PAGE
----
Joseph Latoma

Joseph LatomaJoseph LatomaCourtesy School for Advanced Research. Photograph by Jason S. OrdazJoseph LatomaCourtesy School for Advanced Research. Photograph by Jason S. Ordaz

Joseph is a member of the Corn/Water Clan and the son of Joe Latoma. His father is from Zuni Pueblo, thus, his Zuni name. His mother is Margaret Chavez of San Felipe Pueblo, providing his matriarchal link to San Felipe. In addition to silversmithing, he has been potting for twenty-three years. He spent his first eight years doing research, interviewing elders, and experimenting through trial and error.

Because there is little documented historic pottery from San Felipe, Joseph has created his designs based on the memories of Pueblo elders from both San Felipe and Zuni. He is self-taught and began experimenting with local clay at the same time he became interested in researching his Pueblo’s traditional pottery styles in 1989. He is very interested in reintroducing traditional San Felipe pottery to both the Pueblo and a wider public.



Joseph Latoma shares how he learned about pottery designs and explains about the diverse nature of San Felipe pottery.

Joseph specializes in polychrome ollas, replicating artifacts through a hand-coiling technique. He has taught his wife, Nona, and their children, Dustin, Jaylene, Dalon, Janalyn, and Damon, to make pottery. He explains that this is the best way to teach children about their culture and traditions. The imagery on each pot has a story behind it. He does not put just any type of art on the pottery. The design on each piece is determined by the style of the pottery. Joseph says, “I make pottery to keep San Felipe traditions alive. It’s important to me that people know that San Felipe pottery exists.”

Joseph has won awards at the New Mexico State Fair, including Best of Show in 1980, and also first and second prizes in pottery with his wife, Nona Latoma, at the twelfth Annual Prescott Indian Art Market in 2009 (Arizona). Although Joseph and Nona usually work as a team to collaborate on all of his pots, he acknowledges that Nona has become quite a good potter in her own right due to the fact that she is a “perfectionist…paying attention to details” of pottery work. Joseph is represented by Adobe Gallery and Andrea Fisher Fine Pottery, both in Santa Fe, New Mexico; Chimayo Gallery in Chimayo, New Mexico; Mesa’s Edge in Taos, New Mexico; Heard Museum Shop in Phoenix, Arizona; and Turquoise Village in Zuni, New Mexico.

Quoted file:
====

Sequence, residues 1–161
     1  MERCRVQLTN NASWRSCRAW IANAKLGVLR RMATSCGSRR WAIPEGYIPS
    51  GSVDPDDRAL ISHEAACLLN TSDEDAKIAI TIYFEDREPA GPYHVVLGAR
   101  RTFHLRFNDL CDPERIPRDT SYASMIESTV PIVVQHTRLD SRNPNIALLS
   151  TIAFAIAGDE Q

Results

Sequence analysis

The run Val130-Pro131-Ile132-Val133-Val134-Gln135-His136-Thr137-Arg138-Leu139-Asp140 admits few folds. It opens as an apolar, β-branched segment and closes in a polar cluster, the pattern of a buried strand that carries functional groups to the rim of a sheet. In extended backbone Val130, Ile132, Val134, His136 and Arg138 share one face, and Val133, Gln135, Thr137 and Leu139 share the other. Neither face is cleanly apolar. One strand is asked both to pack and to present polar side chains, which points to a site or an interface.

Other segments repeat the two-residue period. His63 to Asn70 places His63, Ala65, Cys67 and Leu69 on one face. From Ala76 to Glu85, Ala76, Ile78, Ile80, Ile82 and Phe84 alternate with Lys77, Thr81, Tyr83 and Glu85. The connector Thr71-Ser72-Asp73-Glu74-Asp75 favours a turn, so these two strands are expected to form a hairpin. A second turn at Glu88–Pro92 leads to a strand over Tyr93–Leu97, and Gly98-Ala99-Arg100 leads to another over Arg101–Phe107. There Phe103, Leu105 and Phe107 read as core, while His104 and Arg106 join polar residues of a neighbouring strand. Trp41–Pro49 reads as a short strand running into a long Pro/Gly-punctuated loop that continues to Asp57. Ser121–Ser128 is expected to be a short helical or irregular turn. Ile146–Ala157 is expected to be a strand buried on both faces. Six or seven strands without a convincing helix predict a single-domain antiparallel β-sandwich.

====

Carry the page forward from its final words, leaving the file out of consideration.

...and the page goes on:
Contact Joseph Latoma

Polychrome jar with scalloped edges by Joseph Latoma, clay and paint, 2012Polychrome jar with scalloped edges by Joseph Latoma, clay and paint, 2012Courtesy Joseph Latoma. Photograph by School for Advanced ResearchPolychrome water jar with bird and sun designs by Joseph Latoma, clay and paint, 2012Polychrome water jar with bird and sun designs by Joseph Latoma, clay and paint, 2012Courtesy Joseph Latoma. Photograph by School for Advanced Research 
Polychrome jar with scalloped edges by Joseph Latoma, clay and paint, 2012Polychrome water jar with bird and sun designs by Joseph Latoma, clay and paint, 2012 
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